Hello to all.....I am 3 months post-oesophagectomy and just wanted to check what is normal and what isn't. Problems are; pain all around chest area (bruising-type pain), pain bilaterally just below each rib, which is often accompanied with the shoulder pain, pain if I eat just slightly too much especially in the right back area, then lower abdominal pain - made worse if I've had a vomiting episode. Is it also normal for the diaphragm not to function properly for a while? Yawning and sneezing are very difficult and I sound like a seal! I feel I have to take too much dihydrocodeine at the moment too! Any info would be very much appreciated !

11 Replies

  • I am 9 months post Ivor Lewis oesogectomy, the rib pain you are feeling is probably from having your ribs cut because as I understand it, they operate rom the front then turn you onto your left side and go in through your rib cage to remove your nodes to check for cancer in them.

    You should be on medications for the rib pain, I am on lyrica (in Australia). Also on targin and have oxycodone for break through pain.

    Personally I am enjoying eating now as before operation was reduced to eating soup only!

  • When Ivor Lewis is used the surgeon has to remove a rib, collapse a lung and dislocate a shoulder in order to gain access to the areas needed. In my case , 6 years ago, I was still taking dihydrocodeine at time 6 months post op, but I had returned to work albeit 1 day a week to begin with as from month 3. Everyone is different in their feeling of pain, I would suggest that when you next visit your doctor/surgeon you explain the feeling of pain and associated locations so he can check there has been no muscle damage for example around the shoulder. in my case where the muscle was cut across under my arm I still now get some pain,but, the alternative to not having had the operation was not an option. I still get bruising like pain when I do too much with my arm or exert myself too much. Give it time 3 months from such a serious operation is not a lot of time.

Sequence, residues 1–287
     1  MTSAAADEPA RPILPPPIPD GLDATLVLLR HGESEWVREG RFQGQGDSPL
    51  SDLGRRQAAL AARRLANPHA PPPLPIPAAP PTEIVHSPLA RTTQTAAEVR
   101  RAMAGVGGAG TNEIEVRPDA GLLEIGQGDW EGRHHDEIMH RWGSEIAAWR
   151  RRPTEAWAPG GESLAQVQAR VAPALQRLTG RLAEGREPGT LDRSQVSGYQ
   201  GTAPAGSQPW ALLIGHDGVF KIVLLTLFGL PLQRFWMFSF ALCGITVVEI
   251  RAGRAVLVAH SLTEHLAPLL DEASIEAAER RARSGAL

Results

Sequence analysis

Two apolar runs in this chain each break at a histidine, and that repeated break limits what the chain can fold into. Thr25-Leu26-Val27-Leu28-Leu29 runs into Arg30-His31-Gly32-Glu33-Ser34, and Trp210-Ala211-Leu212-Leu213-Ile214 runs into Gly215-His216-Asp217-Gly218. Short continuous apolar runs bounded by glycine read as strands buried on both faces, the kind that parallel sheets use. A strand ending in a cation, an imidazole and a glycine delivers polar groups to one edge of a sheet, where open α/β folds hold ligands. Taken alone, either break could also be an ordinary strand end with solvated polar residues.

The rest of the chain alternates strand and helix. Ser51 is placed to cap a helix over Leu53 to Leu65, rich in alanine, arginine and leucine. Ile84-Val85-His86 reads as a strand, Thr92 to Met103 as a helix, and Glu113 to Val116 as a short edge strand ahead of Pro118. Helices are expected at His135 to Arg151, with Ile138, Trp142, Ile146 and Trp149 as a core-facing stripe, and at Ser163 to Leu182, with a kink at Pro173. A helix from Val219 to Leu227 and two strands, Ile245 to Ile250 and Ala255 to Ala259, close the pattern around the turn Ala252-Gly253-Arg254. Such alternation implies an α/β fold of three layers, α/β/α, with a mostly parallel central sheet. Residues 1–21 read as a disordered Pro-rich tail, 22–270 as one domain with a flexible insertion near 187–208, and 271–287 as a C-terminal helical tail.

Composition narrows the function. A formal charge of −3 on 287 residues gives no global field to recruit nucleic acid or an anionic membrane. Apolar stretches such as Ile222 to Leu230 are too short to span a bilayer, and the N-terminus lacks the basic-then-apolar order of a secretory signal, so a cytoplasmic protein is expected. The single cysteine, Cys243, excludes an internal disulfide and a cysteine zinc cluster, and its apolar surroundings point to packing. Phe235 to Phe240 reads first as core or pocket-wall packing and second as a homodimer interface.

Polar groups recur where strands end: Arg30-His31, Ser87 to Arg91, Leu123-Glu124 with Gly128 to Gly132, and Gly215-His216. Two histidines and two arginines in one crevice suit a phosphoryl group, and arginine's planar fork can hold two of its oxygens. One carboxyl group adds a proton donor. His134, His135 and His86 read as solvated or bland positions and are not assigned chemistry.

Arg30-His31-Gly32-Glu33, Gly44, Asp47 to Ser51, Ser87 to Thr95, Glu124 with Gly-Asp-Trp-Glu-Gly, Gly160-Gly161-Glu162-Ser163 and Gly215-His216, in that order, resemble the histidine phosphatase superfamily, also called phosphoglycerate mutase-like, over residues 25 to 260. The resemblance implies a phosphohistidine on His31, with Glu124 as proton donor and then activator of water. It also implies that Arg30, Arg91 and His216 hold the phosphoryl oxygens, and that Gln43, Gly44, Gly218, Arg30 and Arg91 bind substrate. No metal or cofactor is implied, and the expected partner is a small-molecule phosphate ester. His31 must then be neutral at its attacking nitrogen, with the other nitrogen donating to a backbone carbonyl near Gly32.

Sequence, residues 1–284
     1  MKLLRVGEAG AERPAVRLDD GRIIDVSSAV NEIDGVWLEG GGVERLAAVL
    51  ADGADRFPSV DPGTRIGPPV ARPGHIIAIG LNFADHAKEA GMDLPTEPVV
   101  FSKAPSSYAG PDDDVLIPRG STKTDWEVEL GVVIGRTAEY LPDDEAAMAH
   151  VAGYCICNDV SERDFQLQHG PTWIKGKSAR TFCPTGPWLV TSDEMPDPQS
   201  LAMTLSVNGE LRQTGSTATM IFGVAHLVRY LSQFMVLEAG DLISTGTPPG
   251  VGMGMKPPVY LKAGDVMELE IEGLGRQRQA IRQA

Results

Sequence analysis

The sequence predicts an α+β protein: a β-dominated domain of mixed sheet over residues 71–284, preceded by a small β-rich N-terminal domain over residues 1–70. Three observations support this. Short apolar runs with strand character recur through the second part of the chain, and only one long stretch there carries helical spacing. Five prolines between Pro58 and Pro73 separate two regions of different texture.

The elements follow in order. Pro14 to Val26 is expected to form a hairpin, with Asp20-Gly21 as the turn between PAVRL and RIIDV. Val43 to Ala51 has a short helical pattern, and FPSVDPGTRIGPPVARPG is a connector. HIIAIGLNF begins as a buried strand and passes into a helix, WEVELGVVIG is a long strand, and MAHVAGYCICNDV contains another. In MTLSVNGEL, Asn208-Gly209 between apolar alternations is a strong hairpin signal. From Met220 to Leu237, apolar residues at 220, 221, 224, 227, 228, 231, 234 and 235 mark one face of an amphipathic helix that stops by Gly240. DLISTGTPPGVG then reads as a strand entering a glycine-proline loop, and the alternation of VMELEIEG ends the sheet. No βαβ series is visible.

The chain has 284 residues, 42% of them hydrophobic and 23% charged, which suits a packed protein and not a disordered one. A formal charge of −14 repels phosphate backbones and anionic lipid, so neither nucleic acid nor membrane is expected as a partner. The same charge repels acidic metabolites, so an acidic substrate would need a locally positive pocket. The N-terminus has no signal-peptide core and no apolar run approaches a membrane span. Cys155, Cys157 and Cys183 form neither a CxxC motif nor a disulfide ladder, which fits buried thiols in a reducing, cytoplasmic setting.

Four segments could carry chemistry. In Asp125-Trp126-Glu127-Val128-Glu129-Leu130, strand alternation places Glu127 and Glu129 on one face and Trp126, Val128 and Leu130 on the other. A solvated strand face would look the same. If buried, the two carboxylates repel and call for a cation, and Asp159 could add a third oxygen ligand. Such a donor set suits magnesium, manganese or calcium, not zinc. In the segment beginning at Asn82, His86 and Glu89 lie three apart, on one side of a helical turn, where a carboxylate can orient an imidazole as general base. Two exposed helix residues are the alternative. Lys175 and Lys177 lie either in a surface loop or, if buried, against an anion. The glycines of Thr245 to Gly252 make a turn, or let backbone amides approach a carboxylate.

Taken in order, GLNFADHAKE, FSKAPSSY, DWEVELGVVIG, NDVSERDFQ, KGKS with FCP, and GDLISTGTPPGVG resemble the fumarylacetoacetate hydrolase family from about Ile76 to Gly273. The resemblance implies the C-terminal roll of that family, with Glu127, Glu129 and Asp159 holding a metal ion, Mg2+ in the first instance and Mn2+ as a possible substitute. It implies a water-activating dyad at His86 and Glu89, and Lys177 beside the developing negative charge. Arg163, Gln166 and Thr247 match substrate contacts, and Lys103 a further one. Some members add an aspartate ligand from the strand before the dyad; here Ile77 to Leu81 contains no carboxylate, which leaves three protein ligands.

• Hi Amsy. The shoulder pain may well be a result of the position they put you in during the operation. The only thing that will help is physio and using the shoulder. I found that trying to move it as far as possible was bearable but very sore. Doing it once to the limit of my tolerance was very painful. Repeating the movement was much less painful the second and third time. I made this a routine and my shoulder is now fine but it took around 6-8 months for it to settle down. At the time the idea that I could do pullups seemed ridiculous; but I can. Persevere! Haward

  • Hi amsy, I had my ivory Lewis in Feb 2016 and I have the same issues still. bruising sensation around right chest area, discomfort when I've slightly over eaten and yawning sounds like a seal and painful

    . I can only assume this is the norm for people who have had this type of op and would be interesting to hear if others have been affected the same way. It's been 10 months now for me and with no signs of it going think it's something i just have to live with and tolerate. sorry I can't help but thought I'd let you know your not alone.

  • Hi Leon. 10 months is still within the normal time for recovery which is 12-18 months. That bruising sensation in the right ribs recedes over time. Even 3.5 years later I still have a vague numb feeling there. With 25% of my stomach gone overeating is hazardous. I sometimes get bloated, sometimes the food reappears too quickly. It does get better with time but you don't return to where you were. Haward